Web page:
Noise is defined as an unwanted signal that affects the quality of the desired signal. While interference from an external source (such as a nearby power line) qualifies as noise, for the purpose of op-amp specifications, interference is not included. Only noise generated within the op-amp is considered in the noise specification.
When the op-amp is added to a circuit, additional noise contributions are added from other circuit elements, such as the feedback resistors or any sensors. For example, all resistors generate thermal noise—even one sitting in the parts bin. The circuit designer must consider all sources within the circuit, but the concern here is the op-amp specification for noise, which only considers the op-amp.
There are two basic forms of noise. At low frequencies, noise is inversely proportional to the frequency; this is called 1/f noise or “pink noise”. Above a critical noise frequency, the noise becomes flat and is spread out equally across the frequency spectrum; this is called “white noise”. The power distribution of noise is measured in watts per hertz (W/Hz). Power is proportional to the square of the voltage, so noise voltage (density) is found by taking the square root of the noise power density, resulting in units of volts per square root hertz (V/1√¯Hz).
For operational amplifiers, the noise level is normally shown with units of n V/√¯Hz and is specified relative to the input at a specific frequency above the noise critical frequency. For example, a noise level graph for a very low-noise op-amp is shown in Figure; the specification for this op-amp will indicate that the input voltage noise density at 1 kHz is 1.1 n V/ √¯Hz. At low frequencies, the noise level is higher than this due to the 1/f noise contribution as you can see from the graph:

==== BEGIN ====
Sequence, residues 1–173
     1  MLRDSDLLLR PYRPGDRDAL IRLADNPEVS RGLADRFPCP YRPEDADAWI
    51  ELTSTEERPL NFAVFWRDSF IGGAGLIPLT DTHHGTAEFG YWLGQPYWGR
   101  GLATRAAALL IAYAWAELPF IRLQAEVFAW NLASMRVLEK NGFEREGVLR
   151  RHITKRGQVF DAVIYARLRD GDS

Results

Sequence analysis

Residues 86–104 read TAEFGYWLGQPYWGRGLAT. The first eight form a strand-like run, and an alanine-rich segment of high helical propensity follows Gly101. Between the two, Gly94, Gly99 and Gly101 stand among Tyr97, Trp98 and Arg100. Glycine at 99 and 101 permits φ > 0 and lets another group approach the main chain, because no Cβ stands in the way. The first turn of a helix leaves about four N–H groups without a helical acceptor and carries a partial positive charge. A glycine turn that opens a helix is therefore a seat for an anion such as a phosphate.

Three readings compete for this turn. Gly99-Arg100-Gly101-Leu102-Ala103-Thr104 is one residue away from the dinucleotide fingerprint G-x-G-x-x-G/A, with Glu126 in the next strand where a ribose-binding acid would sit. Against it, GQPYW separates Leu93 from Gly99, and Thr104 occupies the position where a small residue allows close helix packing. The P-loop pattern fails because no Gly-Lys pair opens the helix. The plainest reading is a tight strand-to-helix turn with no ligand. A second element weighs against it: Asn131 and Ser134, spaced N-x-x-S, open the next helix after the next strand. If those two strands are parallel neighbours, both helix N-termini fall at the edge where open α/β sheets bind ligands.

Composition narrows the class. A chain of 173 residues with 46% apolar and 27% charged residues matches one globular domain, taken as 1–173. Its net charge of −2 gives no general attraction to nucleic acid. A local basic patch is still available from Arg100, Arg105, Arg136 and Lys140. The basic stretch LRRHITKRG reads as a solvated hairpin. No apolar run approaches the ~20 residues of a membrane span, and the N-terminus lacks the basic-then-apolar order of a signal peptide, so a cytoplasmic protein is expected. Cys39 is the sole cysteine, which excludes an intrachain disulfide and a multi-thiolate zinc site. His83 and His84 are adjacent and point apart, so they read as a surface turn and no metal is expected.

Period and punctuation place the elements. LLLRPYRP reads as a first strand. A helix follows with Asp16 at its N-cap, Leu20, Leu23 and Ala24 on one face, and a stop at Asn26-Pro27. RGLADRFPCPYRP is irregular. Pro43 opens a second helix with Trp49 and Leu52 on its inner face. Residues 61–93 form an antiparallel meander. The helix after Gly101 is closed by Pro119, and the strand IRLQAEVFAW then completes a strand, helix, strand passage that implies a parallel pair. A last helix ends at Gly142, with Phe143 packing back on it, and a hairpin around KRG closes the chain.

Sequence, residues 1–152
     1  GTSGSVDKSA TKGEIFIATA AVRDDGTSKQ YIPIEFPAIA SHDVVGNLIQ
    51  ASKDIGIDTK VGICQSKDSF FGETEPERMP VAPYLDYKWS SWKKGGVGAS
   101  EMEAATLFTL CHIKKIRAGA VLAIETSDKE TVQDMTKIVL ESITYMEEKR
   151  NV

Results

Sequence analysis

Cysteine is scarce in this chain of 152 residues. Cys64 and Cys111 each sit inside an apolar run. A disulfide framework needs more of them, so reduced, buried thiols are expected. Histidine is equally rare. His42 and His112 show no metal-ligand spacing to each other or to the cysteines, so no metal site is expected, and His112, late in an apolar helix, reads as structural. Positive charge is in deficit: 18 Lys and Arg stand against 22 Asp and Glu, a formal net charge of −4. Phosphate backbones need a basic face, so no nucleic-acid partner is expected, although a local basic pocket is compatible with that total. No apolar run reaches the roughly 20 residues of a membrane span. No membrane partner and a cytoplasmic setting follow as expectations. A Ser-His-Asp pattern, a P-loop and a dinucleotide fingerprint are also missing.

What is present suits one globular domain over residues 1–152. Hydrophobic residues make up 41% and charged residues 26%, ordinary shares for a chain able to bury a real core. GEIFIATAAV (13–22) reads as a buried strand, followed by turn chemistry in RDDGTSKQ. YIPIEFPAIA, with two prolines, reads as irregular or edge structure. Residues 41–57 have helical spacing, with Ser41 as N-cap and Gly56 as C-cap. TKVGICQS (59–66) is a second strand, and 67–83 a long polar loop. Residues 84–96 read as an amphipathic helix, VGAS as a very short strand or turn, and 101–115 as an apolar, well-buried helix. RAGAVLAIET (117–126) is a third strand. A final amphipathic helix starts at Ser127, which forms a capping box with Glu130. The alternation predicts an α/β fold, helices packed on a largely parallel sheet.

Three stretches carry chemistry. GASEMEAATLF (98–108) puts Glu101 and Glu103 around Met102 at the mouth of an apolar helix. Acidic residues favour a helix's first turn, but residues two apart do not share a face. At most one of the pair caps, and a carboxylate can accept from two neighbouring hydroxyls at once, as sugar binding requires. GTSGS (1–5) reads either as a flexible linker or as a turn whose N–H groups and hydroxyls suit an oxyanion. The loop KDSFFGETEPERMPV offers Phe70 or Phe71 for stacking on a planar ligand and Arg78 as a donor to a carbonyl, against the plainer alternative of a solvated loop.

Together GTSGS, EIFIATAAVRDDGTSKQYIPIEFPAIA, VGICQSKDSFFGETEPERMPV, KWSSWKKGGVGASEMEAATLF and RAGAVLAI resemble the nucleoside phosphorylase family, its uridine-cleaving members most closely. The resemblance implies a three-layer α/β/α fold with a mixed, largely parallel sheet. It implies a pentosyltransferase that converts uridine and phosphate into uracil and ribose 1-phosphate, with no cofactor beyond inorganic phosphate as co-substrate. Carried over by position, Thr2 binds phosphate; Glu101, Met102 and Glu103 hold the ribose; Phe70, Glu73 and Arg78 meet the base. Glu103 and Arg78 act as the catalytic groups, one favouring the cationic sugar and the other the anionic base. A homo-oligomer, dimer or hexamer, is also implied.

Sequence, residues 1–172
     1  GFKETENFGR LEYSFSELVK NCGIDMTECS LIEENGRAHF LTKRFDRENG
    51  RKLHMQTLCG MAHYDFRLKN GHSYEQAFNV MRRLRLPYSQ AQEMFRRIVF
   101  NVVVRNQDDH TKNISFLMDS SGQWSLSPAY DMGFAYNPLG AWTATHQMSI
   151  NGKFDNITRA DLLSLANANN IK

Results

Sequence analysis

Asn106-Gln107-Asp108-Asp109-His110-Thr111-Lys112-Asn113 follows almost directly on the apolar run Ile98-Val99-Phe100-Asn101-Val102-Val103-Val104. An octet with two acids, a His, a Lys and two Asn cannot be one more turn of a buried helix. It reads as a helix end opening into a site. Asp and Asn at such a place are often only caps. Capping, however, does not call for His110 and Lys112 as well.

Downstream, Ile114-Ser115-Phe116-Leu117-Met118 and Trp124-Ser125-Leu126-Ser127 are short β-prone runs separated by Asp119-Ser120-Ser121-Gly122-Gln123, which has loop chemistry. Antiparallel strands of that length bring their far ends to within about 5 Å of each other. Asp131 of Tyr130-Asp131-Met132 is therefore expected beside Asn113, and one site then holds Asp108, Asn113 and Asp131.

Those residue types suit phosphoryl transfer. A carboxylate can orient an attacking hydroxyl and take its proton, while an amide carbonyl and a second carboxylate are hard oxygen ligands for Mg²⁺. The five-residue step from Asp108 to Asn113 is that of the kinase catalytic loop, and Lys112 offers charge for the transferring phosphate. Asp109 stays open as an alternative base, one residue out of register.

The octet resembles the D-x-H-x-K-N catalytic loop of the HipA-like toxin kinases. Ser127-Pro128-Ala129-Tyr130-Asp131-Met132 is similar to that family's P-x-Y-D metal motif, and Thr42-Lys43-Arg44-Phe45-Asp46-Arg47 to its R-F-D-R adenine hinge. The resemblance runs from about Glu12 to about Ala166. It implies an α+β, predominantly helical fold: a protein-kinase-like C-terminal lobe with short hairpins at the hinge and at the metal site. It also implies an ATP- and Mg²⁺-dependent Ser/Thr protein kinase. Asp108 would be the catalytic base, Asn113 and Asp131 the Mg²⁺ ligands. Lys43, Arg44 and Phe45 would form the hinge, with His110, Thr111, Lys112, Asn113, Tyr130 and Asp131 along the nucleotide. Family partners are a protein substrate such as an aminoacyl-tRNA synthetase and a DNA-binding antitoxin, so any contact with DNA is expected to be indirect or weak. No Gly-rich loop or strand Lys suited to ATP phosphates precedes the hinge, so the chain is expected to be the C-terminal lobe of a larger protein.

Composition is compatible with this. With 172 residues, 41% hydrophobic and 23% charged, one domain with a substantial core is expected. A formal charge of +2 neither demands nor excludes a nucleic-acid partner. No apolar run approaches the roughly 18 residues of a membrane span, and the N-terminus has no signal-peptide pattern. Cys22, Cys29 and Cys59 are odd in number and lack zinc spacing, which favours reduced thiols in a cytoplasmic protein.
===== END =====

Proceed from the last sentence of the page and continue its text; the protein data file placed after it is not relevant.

Comparison of Op-Amp Parameters:
a comparison of values showing selected parameters for some representative op-amps. As you can see from the table, there is a wide difference in certain specifications.
All designs involve certain compromises, so in order for designers to optimize one parameter, they must often sacrifice another parameter. Choosing an op-amp for a particular application depends on which parameters are important to optimize. Parameters depend on the conditions for which they are measured. For details on any of these specifications, consult the datasheet.
Most available op-amps have three important features: short-circuit protection, no latch-up, and input offset nulling. Short-circuit protection keeps the circuit from being damaged if the output becomes short, and the no latch-up feature prevents the op-amp from hanging up in one output state (high or low voltage level) under certain input conditions. Input offset nulling is achieved by an external potentiometer that sets the output voltage at precisely zero with zero input.
Negative feedback is one of the most useful concepts in electronics, particularly in op-amp applications. Negative feedback is the process whereby a portion of the output voltage of an amplifier is returned to the input with a phase angle that opposes (or subtracts from) the input signal.
Negative feedback is illustrated in Figure. The inverting (-) input effectively makes the feedback signal 180° out of phase with the input signal.
Why Use Negative Feedback?
As you can see in the Table, the inherent open-loop voltage gain of a typical op-amp is very high (usually greater than 100,000). Therefore, an extremely small input voltage drives the op-amp into its saturated output states. In fact, even the input offset voltage of the op-amp can drive it into saturation. For example, assume V IN 1 mV and Aol = 100,000. Then,
Since the output level of an op-amp can never reach 100 V, it is driven deep into saturation and the output is limited to its maximum output levels, as illustrated in Figure for both a positive and a negative input voltage of 1 mV.
The usefulness of an op-amp operated without negative feedback is generally limited to comparator applications. With negative feedback, the closed-loop voltage gain (A cl) can be reduced and controlled so that the op-amp can function as a:
linear amplifier. In addition to providing a controlled, stable voltage gain, negative feedback also provides for control of the input and output impedances and amplifier bandwidth. Table summarizes the general effects of negative feedback on op-amp performance.
Op-Amps With Negative Feedback:
An op-amp can be connected using negative feedback to stabilize the gain and increase